The position of the camera relative to a volume’s coordinate space cannot be determined by your app. If you place an animated character in a volume, there’s no way to make the character turn to face the user and make eye contact. However, Reality Composer Pro shader graphs are able to query the camera position, so if you want to implement billboard polygons, you can do it that way, although this is rather involved.

Hand tracking doesn’t work with volumes. Custom gestures cannot be implemented in a volume. However, the standard system gestures are available and may be sufficient for your use case.

Ray casting doesn’t work with volumes, for example, to facilitate certain kinds of 3D picking.

An app that only has a volume can’t prompt the user to rate the app. The undocumented requestReview SwiftUI environment action doesn’t work within the context of a volume. You’ll see the error message “Presentations are not permitted within volumetric window scenes” and your app will terminate. A workaround is to first open a window and then present the app review dialog from that window. You may experience issues if you attempt to present other system views as well.

Watch out for subtle bugs in SwiftUI controls in attachments added to volumes. For example, in some visionOS versions, picker images are displayed in a dimmed state. (Actually, upon further investigation just now, this turns out to be broken in visionOS 1.1 for regular windows as well, not just for volumes. But in an earlier visionOS 1.0 beta, it was broken only for volumes and not windows.) Or, images specified as symbols may look fine, but picker images defined in asset catalogs will appear extremely dim. I’ve reported fundamental bugs with RealityView attachments frequently enough that I get the impression they are not well-tested. Do not blindly assume they will work reliably in all cases.

A volume with an attachment with a picker control with dim images

Unlike SwiftUI controls in windows, SwiftUI controls in volumes don’t take precedence over the Control Center indicator, which may affect usability when the positions of these elements coincide in the user’s field of view.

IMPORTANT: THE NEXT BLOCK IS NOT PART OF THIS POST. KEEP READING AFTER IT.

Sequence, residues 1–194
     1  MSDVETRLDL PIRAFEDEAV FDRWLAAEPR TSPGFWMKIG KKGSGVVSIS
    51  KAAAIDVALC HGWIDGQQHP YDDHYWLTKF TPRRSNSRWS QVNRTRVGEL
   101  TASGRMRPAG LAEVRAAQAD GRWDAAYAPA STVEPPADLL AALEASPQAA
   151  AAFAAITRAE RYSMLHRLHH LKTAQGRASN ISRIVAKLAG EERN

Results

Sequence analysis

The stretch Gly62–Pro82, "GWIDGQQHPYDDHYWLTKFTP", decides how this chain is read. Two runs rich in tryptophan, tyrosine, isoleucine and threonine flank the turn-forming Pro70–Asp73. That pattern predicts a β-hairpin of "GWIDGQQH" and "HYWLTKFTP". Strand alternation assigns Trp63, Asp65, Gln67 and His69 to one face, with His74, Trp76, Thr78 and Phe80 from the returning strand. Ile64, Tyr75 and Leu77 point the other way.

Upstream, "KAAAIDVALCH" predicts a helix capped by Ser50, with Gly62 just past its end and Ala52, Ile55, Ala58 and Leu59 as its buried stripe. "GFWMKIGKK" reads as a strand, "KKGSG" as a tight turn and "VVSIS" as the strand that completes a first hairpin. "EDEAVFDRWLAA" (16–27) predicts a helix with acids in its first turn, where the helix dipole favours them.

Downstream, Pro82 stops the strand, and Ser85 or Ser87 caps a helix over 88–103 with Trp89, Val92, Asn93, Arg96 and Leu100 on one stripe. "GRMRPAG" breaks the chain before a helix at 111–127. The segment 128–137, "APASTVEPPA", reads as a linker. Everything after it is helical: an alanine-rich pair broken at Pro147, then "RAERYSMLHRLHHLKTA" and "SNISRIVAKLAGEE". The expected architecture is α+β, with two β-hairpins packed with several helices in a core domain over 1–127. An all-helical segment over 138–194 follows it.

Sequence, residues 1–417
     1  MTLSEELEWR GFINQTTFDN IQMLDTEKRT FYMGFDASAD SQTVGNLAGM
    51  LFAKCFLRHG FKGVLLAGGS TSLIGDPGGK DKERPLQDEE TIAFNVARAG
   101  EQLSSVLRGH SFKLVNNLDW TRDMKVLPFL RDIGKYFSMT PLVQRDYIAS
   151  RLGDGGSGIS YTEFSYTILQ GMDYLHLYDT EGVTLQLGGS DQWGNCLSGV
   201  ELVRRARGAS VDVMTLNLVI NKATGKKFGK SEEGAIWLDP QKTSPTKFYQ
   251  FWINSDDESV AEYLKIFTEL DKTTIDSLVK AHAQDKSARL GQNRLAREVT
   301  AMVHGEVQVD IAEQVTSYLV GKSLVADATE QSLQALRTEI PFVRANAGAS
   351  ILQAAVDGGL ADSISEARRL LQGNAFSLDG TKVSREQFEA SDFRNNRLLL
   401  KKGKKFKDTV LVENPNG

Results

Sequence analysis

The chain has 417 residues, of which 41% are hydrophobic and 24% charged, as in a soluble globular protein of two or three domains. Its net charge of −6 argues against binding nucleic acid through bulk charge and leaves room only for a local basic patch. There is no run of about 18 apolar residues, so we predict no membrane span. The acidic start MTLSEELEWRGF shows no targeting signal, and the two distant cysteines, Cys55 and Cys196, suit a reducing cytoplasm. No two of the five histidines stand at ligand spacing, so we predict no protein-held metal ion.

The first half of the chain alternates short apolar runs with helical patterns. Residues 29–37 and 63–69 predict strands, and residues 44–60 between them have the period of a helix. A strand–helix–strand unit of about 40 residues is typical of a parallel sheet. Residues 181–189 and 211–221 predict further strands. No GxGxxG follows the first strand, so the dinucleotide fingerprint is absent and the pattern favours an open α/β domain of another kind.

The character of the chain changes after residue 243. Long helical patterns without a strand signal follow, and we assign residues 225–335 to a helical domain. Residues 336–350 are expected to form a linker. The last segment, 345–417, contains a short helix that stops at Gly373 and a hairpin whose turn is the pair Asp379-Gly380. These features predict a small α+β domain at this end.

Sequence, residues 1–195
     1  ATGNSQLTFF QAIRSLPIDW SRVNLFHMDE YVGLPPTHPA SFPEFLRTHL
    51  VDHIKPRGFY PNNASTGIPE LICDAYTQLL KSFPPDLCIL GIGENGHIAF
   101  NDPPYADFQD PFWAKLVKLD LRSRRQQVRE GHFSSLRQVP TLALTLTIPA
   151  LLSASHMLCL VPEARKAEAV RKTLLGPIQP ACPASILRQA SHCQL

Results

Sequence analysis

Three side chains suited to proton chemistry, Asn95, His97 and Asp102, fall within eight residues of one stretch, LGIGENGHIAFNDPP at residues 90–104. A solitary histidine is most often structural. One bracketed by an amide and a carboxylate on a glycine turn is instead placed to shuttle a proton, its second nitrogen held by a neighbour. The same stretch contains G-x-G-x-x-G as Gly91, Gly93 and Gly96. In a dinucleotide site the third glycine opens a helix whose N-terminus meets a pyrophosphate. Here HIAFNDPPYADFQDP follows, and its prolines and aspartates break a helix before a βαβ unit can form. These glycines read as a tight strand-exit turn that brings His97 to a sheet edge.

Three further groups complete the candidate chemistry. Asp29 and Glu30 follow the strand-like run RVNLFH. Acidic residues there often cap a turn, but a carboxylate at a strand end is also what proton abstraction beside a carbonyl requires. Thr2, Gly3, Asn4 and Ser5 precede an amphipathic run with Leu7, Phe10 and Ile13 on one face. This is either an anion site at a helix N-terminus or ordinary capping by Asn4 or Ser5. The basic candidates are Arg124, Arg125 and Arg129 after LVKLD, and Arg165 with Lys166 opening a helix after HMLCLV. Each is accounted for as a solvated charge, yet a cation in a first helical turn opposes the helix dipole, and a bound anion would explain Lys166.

None of the first party apps Apple ships with visionOS use volumes. Consequently, it may be more likely that when new visionOS versions are released, you’ll experience bugs that Apple engineers didn’t notice earlier in the release cycle. If you use a volume in your app, it’s particularly critical that you test your app throughly against each new visionOS beta release and report any new bugs you find immediately.

If necessary, use an immersive space instead

If, after considering the limitations described above, you decide not to use volumes in your app, you may choose to display your 3D content in an immersive space instead. By doing so, you’ll avoid many of the restrictions described above.

However, if you use an immersive space, you will no longer to be able to display your app’s 3D content in the shared space alongside other apps. If that’s too limiting, you should continue to use volumes, but attempt to redesign your app around their limitations.

Also, if you do decide to use an immersive space, your 3D content will no longer include the window bar that volumes provide, and you’ll have to implement equivalent functionality yourself.

Volumes are fine if your needs are minimal

The risk of using volumes in your app is probably minimal if your volume is only 1 meter in size and contains a static object and you use the code in my other blog post to create your volume instead of Apple’s sample code and your volume does not require feature-rich SwiftUI attachments or other interaction.

If you only want to use a volume to display a small inert teddy bear, you’re probably fine.